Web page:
Punk Photography

Soul Trash

Be honest here; if you are photographer who’s been around for a while, aren’t you just a little bored with it all? With those tack-sharp images on 500px, those meticulously clean nature shots, those “tick all the cool boxes” art that dominates sites like Pinterest. It’s all so nice and right and pressed perfect and so……boring.

My feeling is this; photography has gotten so over-bloated, over-polished, predictable and stale. Or, if people are interested in photography in any way, it is merely for some kind of utilitarian purpose, vis a vis wedding albums or graduation portraits or trying to make a ketchup bottle look really great.

Something, friends, needs to change. So, here and now, I propose a new rebellion, taken from the seeds of the musical rebellion of mid to late 70’s: Punk Photography

Think about the bands that punk rock was rebelling against in the 1970’s: Journey, Styx, Rush, Supertramp, Kansas, et al.

These bands represented a music industry that has become so bloated, glossy, over-produced, and sophisticated that no regular person could start a band and play basic rock n roll and have a chance of being noticed. Doesn’t that sound like our contemporary photography landscape?

More than that, the hit music of the mid-70’s could not speak to all to people who were living in the middle of sky-rocketing inflation, high unemployment, environmental disaster. To those who felt they had “No Future”, as Johnny Rotten screamed. Today, I think that much of contemporary photography, with its gloss and emphasis on surface appearance over real meaning, struggles to speak to mass audiences as well.

Now, the essence of Punk music was its DIY attitude. This was exemplified by an image consisting of of finger positions diagrams for guitar:

this is a chord

Now form a band“. That was it. To make music, you didn’t need to be as good as Rush, or Journey or whoever was topping the charts at that time. You didn’t need to have their amps, their synths, their 50 piece drum kits, or their million dollar studios to make music.

So, here’s the first part of Punk Photography: gear. Let’s strip down our equipment. When I started getting serious about photography again, all I had was a Canon A1000 Point & Shoot Camera. Even now, with my Pentax K-x and just a couple of lenses, I feel like I have been doing all I can with the equipment I can afford, and trying to prove that I can take just as good a picture as someone with a kit that cost as much as my first car.

Let’s consider that maybe, just maybe, you don’t need a $3,000 full frame “prosumer” camera in order to make art.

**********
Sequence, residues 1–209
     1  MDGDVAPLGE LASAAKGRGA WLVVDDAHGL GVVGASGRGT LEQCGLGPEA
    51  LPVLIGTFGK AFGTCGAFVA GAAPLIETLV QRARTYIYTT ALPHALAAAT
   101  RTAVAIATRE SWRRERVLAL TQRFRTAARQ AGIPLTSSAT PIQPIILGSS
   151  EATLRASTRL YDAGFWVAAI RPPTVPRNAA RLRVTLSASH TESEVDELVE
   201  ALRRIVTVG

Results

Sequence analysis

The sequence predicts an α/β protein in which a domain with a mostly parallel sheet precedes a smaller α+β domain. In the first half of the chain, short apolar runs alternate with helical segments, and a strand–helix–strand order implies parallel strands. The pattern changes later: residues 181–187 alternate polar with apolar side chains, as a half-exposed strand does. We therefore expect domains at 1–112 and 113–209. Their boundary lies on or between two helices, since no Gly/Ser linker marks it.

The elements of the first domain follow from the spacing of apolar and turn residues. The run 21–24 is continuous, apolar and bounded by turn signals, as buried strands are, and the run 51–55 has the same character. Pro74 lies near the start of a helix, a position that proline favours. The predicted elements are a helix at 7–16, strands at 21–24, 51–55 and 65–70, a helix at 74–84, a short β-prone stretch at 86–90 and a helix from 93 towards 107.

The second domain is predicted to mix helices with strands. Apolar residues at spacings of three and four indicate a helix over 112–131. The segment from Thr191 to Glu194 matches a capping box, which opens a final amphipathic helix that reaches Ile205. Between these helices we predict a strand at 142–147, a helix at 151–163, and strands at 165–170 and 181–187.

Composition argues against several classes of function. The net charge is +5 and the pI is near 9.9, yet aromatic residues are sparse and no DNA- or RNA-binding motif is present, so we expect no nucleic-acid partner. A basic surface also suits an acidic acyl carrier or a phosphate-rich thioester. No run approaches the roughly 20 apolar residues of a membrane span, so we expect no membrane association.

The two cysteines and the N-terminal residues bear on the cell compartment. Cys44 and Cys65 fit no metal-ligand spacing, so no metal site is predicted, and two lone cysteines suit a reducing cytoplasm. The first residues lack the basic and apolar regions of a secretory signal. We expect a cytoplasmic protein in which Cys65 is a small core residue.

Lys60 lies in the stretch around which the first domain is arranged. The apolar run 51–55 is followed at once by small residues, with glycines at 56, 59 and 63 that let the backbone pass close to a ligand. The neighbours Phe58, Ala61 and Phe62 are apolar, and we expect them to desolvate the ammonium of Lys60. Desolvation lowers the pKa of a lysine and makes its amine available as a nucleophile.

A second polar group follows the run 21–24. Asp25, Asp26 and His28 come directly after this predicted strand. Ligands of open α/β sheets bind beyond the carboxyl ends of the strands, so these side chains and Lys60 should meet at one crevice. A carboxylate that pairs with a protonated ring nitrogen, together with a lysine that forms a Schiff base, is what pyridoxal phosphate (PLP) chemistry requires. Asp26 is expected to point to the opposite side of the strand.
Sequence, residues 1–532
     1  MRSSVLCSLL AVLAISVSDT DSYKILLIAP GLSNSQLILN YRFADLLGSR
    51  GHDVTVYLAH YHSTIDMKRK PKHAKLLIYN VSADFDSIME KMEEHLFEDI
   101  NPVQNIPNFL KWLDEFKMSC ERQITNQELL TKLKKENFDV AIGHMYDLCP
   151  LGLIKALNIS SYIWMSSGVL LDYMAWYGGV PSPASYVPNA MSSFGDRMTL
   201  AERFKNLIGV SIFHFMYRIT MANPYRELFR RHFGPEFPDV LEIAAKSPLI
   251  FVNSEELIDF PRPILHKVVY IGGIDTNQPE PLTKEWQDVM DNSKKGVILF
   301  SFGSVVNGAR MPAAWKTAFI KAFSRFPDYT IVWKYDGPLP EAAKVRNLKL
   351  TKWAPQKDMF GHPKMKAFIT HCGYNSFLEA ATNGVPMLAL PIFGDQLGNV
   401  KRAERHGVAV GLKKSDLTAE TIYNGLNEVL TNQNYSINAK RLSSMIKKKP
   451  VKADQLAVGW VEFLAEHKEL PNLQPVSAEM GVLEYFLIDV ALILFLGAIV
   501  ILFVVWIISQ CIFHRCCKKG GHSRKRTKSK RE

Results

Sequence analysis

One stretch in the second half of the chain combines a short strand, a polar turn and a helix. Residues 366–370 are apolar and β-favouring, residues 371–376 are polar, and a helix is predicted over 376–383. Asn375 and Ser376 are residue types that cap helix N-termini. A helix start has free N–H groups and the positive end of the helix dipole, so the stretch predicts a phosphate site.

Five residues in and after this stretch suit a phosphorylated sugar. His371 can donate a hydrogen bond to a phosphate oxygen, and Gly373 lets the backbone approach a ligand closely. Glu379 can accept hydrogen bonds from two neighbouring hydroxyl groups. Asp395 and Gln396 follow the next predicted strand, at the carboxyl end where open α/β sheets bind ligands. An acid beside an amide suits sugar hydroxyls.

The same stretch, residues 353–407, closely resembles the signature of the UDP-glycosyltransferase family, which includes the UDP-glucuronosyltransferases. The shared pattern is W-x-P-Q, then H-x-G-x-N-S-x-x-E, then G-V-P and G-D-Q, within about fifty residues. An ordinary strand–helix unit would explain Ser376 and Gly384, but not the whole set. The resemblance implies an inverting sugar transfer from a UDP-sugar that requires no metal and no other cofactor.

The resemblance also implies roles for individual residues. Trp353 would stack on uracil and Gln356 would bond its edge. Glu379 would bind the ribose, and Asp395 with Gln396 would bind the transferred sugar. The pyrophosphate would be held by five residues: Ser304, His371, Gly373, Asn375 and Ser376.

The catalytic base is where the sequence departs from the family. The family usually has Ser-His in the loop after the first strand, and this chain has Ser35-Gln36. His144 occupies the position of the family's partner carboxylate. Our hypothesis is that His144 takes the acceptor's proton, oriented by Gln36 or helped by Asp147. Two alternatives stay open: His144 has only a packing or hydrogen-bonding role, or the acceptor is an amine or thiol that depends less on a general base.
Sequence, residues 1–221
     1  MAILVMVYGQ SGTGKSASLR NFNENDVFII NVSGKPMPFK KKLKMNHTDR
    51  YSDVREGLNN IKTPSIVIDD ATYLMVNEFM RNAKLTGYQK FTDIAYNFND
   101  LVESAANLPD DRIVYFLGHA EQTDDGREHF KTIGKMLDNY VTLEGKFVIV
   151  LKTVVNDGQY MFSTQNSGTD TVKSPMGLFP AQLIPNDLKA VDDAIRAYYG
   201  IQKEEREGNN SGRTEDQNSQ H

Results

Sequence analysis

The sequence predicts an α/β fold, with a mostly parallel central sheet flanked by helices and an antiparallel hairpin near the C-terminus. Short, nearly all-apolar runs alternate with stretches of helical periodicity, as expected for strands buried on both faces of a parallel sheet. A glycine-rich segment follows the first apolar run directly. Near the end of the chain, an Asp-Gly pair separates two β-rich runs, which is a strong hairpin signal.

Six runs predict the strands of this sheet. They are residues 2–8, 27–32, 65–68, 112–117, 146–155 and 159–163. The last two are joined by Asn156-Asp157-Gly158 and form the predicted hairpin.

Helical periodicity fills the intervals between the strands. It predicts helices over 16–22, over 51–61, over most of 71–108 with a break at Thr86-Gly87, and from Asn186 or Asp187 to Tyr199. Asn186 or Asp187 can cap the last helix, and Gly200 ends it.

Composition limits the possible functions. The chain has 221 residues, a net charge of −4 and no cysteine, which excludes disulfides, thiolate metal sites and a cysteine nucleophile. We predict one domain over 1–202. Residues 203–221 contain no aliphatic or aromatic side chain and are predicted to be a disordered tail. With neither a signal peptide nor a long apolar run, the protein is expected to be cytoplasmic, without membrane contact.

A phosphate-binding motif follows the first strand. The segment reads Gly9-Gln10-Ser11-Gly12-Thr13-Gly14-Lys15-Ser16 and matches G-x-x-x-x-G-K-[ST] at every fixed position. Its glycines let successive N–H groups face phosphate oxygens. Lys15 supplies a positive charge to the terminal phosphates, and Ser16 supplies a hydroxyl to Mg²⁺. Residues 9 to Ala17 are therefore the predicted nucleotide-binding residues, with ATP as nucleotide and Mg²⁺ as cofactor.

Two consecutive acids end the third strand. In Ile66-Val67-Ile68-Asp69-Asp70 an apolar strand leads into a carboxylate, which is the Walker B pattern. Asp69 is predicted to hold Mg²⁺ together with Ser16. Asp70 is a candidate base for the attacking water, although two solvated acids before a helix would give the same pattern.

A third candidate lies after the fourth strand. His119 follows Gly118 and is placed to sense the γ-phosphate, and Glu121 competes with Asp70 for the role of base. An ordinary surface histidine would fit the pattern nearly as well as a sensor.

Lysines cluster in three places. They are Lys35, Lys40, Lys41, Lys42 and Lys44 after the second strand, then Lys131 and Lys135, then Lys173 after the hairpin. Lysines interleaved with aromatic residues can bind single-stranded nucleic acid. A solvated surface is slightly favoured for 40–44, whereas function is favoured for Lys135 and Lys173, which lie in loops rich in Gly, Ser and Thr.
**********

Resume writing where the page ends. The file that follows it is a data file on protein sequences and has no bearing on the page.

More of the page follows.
Actually, in terms of gear, this is quite an exciting time for photography.  Smaller mirrorless cameras are rivaling the image quality of many of the big, hefty DSLR’s on the market right now.  I can imagine the quality will only improve on that front as well.

Also, the used market for quality camera gear is rich with opportunity.  It’s like looking into that pawn shop window at that beat up electric guitar, knowing that in your hands it can still make amazing, powerful music.

Punk Rock was also about rebellion, and that is also something that needs to kick into gear. So, after the equipment, let’s start questioning the “rules”. All these things that we supposedly have bought into, the do’s and dont’s, about sharpness, gloss and composition, about all the boxes we think we need to tick to make a “good” photograph.

For me, the picture at the very top of the page is my inspiration for what I want to try to develop as Punk Photography. Because it has a whole lot of something that much, if not most, of my own photography is lacking. I believe it has soul.

It’s not a great picture, I understand that. But it speaks to me in a way that so much glossy, tick-all-the-right-boxes photography just doesn’t. And, again for emphasis, I’m talking as much about my own work as much as anybody else’s.

Punk Rock revolutionized and revitalized an entire industry, an industry that had become stale and bloated and disconnected from society.

I believe that focusing on the twin ideologies of individualism and rebellion, Punk Photography can do the same.

So, let’s start focusing more on the heart of an image rather than it’s technical flaws, have more emphasis on the message of an image rather than its sharpness. Let’s work with what we have, rather than buying (literally) into the lie that you have to have the best, most up-to-date gear that just came on the market.  Stop focusing on what the market says you should shoot and start bringing to market your own artistic vision.

Let’s try to save the soul of photography.


3 thoughts on “Punk Photography

  1. Pingback: My Updated Site, What Gear I Covet, And How I’m Like Hot Topic | Generator Photography

  2. Pingback: A Brief History Of My Gear, And Why I Want A Full Frame Camera | Generator Photography

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